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Protect DVD-Video prevents discs from playing on your PC

Evan Blass

Here's something that opponents of restrictive DRM implementations aren't going to be too happy with: ZDNet is reporting that new copy-protection software for DVD publishers from a company called ProtectDisc not only makes it difficult to rip movies that you've purchased -- no surprise there -- but actually prevents discs from playing in a Windows PC at all. So if you pop in a DVD "infected" with Protect DVD-Video, it can't be read by Windows Media Player, Media Center Edition, or any DirectShow-based software, thanks to a Universal Disc Format that tricks your machine into believing that the IFO file is zero bytes long. As you might expect, there are already workarounds out there that can bypass Protect DVD: SlySoft reportedly updated its AnyDVD software recently as a direct response to this protection racket. Still, this is a discouraging development for home theater buffs who have upgraded their setups to revolve around a hot new HTPC; remember that old standalone DVD player that you stuffed in the attic a few months ago? Well if Protect DVD and other tools like it take off, you may have to dust off that old player and return it to its rightful home in your gear rack.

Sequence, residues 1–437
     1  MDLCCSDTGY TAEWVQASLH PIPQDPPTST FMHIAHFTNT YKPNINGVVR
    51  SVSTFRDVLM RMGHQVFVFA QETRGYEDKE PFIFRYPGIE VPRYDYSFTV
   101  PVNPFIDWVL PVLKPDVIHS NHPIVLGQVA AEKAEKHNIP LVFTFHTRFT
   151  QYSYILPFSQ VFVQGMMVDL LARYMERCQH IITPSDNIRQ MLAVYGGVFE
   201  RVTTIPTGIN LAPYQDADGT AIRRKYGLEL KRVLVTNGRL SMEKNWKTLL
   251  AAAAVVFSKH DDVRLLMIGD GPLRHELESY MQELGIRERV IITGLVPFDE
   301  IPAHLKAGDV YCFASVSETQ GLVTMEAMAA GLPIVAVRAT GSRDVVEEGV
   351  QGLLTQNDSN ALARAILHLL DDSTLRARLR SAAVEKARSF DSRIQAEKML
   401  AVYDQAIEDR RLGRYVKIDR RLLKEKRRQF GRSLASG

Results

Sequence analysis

[Via PVR Wire]

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